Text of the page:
6. Sarah Harrower & John Hoddinott, 2005. "Consumption Smoothing in the Zone Lacustre, Mali," Journal of African Economies, Centre for the Study of African Economies (CSAE), Centre for the Study of African Economies (CSAE), vol. 14(4), pages 489-519, December.
  7. Tarozzi, Alessandro, 2007. "Calculating Comparable Statistics From Incomparable Surveys, With an Application to Poverty in India," Journal of Business & Economic Statistics, American Statistical Association, American Statistical Association, vol. 25, pages 314-336, July.
  8. Demombynes, Gabriel & Elbers, Chris & Lanjouw, Jean O. & Lanjouw, Peter, 2007. "How good a map ? Putting small area estimation to the test," Policy Research Working Paper Series 4155, The World Bank.
  9. Lanjouw, Jean Olson & Lanjouw, Peter, 2001. "How to Compare Apples and Oranges: Poverty Measurement Based on Different Definitions of Consumption," Review of Income and Wealth, International Association for Research in Income and Wealth, vol. 47(1), pages 25-42, March.
  10. Alessandro Tarozzi & Angus Deaton, 2009. "Using Census and Survey Data to Estimate Poverty and Inequality for Small Areas," The Review of Economics and Statistics, MIT Press, vol. 91(4), pages 773-792, November.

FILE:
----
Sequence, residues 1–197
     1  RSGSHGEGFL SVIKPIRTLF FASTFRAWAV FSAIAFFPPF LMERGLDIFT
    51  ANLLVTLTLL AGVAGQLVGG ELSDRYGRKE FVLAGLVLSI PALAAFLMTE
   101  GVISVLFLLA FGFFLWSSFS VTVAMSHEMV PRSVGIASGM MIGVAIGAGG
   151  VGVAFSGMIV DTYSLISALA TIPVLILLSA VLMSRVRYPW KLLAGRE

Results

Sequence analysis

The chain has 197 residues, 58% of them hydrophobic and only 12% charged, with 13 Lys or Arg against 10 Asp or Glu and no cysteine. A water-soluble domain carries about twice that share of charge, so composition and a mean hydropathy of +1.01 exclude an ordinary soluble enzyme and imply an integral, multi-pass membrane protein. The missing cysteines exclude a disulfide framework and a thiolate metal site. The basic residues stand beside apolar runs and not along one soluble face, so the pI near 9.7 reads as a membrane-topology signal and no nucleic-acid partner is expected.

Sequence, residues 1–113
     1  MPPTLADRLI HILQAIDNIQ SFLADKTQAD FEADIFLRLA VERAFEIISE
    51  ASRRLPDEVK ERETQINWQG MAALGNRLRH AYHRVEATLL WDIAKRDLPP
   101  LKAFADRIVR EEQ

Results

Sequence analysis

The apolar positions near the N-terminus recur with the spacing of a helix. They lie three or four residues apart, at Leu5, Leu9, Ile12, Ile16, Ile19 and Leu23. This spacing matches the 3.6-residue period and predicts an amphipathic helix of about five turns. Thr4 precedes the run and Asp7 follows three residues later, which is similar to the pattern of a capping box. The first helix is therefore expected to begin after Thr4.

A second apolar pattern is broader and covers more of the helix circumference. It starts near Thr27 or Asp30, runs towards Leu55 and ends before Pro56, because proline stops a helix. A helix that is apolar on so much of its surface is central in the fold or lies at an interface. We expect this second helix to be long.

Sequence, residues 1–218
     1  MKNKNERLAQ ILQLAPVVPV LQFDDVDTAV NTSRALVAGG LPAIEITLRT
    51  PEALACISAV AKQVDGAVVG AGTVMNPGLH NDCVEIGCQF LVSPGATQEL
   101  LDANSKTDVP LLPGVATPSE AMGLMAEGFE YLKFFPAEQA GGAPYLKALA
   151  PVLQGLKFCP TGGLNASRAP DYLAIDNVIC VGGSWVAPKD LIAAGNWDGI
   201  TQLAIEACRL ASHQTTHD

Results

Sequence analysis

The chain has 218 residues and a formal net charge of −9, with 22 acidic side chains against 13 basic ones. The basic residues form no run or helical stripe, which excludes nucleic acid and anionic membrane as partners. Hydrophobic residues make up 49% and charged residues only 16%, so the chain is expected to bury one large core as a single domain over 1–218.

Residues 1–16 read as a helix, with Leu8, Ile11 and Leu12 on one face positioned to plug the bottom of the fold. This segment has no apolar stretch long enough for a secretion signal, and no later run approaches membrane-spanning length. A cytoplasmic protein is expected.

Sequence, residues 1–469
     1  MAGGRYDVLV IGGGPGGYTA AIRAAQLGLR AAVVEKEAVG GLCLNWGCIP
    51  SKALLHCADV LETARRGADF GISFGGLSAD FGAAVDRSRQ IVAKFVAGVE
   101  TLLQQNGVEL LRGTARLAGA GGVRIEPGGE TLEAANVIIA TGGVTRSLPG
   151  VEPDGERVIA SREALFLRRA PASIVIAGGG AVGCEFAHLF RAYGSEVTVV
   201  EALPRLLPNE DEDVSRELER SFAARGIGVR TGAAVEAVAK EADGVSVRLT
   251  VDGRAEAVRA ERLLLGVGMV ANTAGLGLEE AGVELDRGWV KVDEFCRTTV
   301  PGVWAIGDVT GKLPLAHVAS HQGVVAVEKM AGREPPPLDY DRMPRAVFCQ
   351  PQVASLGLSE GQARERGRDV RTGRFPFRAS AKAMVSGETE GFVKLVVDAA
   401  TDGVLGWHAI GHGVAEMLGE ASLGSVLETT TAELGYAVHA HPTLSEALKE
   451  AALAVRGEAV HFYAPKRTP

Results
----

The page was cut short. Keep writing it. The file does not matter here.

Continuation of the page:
11. Tarozzi, Alessandro, 2011. "Can census data alone signal heterogeneity in the estimation of poverty maps?," Journal of Development Economics, Elsevier, Elsevier, vol. 95(2), pages 170-185, July.
  12. Martin Wall & Deborah Johnston, 2008. "Counting Heads or Counting Televisions: Can Asset-based Measures of Welfare Assist Policy-makers in Russia?," Journal of Human Development and Capabilities, Taylor & Francis Journals, Taylor & Francis Journals, vol. 9(1), pages 131-147.
  13. Chris Elbers & Jean O. Lanjouw & Peter Lanjouw, 2003. "Micro--Level Estimation of Poverty and Inequality," Econometrica, Econometric Society, Econometric Society, vol. 71(1), pages 355-364, January.
  14. Angus Deaton, 2003. "Adjusted Indian Poverty Estimates for 1999-2000," Working Papers, Princeton University, Woodrow Wilson School of Public and International Affairs, Research Program in Development Studies. 200, Princeton University, Woodrow Wilson School of Public and International Affairs, Research Program in Development Studies..
  15. Astrid Mathiassen, 2009. "A model based approach for predicting annual poverty rates without expenditure data," Journal of Economic Inequality, Springer, Springer, vol. 7(2), pages 117-135, June.
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Cited by:
  1. Douidich, Mohamed & Ezzrari, Abdeljaouad & Van der Weide, Roy & Verme, Paolo, 2013. "Estimating quarterly poverty rates using labor force surveys : a primer," Policy Research Working Paper Series 6466, The World Bank.
  2. Newhouse, D. & Shivakumaran, S. & Takamatsu, S. & Yoshida, N., 2014. "How survey-to-survey imputation can fail," Policy Research Working Paper Series 6961, The World Bank.
  3. Hassine, Nadia Belhaj, 2014. "Economic inequality in the Arab region," Policy Research Working Paper Series 6911, The World Bank.
  4. Ahmed, Faizuddin & Dorji, Cheku & Takamatsu, Shinya & Yoshida, Nobuo, 2014. "Hybrid survey to improve the reliability of poverty statistics in a cost-effective manner," Policy Research Working Paper Series 6909, The World Bank.